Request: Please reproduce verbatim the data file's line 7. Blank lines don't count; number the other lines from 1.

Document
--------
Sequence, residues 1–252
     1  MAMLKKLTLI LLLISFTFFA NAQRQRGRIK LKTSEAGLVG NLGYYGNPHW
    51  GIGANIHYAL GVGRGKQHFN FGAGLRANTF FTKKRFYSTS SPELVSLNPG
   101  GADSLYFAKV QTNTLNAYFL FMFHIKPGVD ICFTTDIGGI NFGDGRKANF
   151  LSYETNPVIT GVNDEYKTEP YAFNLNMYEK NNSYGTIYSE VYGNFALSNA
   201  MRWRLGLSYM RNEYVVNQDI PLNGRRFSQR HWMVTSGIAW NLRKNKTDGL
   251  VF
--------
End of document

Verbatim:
   251  VF